Vice Media fired three employees and took “disciplinary action” against an unspecified number of others on Thursday as part of its investigation into allegations of sexual harassment and “inappropriate conduct,” following a report in The Daily Beast last month.
It was the first decisive action taken since the company announced they would be looking into allegations from over a dozen former and current employees of inappropriate behavior and touching from managers, improper relationships between managers and subordinates, and a culture of indifference to harassment from managers and human resources.
The firings were a result of findings which “ranged from verbal and sexual harassment to other behavior that is inconsistent with our policies, our values, and the way in which we believe colleagues should work together,” according to a company-wide memo first reported by CNN.
But what might have been a company public-relations win, turned to fodder for gossip inside Vice offices on Friday—most notably because, despite CEO Shane Smith’s pledge to usher in a new era of transparency, the identities of the fired employees have been kept secret from the public and even from Vice’s own staff.
But Vice employees—many of whom are bracing themselves for a long-rumored New York Times expose on the media company—are talking, and several pointed to three of the company’s longest-serving top executives, suggesting the firings might just be the beginning of a more serious purge at the media giant.
“I know a few people have asked for specifics concerning both the complaints and the discipline we have taken,” Susan Tohyama, Vice’s chief human resources officer wrote in the company memo. “I believe the confidentiality of the process is necessary to protect all those who wish to bring allegations to me and to create a fair, safe and inclusive environment for all employees.”
It’s not clear how keeping the fired employees anonymous will protect complainants. A company representative directed this reporter to the company’s statement and declined to comment further.
Jason Mojica, the former editor in chief turned head of Vice’s documentary film unit, who was named in The Daily Beast report, was suspended weeks ago “for the duration of the investigation,” according to a Vice spokesperson. Vice has refused to confirm if Mojica was among the fired employees and he did not return a call for comment. (UPDATE: Mojica confirmed that he had been fired to the New York Times on Friday. In a phone interview, Mojica denied he had acted inappropriately as alleged in The Daily Beast report, and said he was “deeply disappointed by this outcome.”)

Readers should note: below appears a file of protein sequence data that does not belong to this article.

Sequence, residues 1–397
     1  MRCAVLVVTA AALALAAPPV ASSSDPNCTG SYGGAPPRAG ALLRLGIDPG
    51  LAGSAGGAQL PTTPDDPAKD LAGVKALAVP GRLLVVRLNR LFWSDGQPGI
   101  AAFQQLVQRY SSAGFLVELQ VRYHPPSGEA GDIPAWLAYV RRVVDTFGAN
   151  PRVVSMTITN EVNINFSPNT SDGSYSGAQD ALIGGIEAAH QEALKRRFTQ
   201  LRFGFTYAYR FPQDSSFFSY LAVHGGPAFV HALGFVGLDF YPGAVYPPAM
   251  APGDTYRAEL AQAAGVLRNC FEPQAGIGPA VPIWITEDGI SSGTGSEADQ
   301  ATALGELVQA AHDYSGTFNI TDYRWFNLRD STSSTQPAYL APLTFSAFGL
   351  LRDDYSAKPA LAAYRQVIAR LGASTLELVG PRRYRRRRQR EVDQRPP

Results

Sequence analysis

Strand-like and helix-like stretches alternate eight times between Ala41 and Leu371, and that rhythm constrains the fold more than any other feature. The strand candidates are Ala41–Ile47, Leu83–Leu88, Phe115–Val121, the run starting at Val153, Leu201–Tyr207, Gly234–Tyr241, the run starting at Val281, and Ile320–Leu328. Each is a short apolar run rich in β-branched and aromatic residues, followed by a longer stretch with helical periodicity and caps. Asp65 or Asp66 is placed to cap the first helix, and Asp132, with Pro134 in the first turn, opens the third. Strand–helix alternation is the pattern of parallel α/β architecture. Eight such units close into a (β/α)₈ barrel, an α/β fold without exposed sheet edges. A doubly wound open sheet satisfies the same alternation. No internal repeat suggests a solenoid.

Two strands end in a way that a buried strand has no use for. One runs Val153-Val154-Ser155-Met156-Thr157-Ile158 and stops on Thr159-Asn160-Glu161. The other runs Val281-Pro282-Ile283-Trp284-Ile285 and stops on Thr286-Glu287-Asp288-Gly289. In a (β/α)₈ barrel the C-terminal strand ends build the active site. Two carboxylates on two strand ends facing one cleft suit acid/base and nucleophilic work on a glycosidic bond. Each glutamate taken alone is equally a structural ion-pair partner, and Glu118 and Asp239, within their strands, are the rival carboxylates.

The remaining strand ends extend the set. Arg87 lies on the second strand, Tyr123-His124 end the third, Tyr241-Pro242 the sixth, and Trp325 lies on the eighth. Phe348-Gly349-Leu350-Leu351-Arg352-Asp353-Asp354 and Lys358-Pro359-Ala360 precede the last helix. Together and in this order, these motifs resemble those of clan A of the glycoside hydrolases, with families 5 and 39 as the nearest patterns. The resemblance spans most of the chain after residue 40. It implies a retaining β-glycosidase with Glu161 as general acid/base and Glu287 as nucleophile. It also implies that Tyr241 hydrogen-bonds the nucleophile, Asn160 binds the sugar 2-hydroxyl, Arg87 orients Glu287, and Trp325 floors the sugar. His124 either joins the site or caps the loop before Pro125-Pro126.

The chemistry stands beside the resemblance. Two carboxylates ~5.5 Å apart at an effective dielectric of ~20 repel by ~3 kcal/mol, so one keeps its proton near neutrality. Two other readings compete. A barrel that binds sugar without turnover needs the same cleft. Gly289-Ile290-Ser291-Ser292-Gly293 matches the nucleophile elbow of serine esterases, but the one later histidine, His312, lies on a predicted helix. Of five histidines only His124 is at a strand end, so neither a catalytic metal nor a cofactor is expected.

The other two employees rumored to be let go had been with the company for over a decade and were integral to the development of the Viceland cable channel and the news program on HBO. Neither have responded to requests for comment. One had removed his LinkedIn profile as of Monday morning.
“If it’s those three, they represent the most significant trio of authorship for the Vice brand. No one has been more prolific in terms of content creation and style for the brand than them,” one former employee told The Daily Beast.
She continued, “They were Shane Smith protégés, which raises a question about the competency of Shane’s leadership.”
Inside Vice, employees were only left to guess about the reason for the secrecy. “Damage control” and the possibility of severance agreements were suggested.
“I’m sure an announcement will be made eventually,” one current staffer said.
In response to the original report last month, Shane Smith wrote a memo to employees taking responsibility for what may come out during the investigation.
“I’d like to make it abundantly clear here and now: the behavior outlined in the recent Daily Beast article is unacceptable, and the fact that anything like this could happen at VICE is my and my senior management’s responsibility.”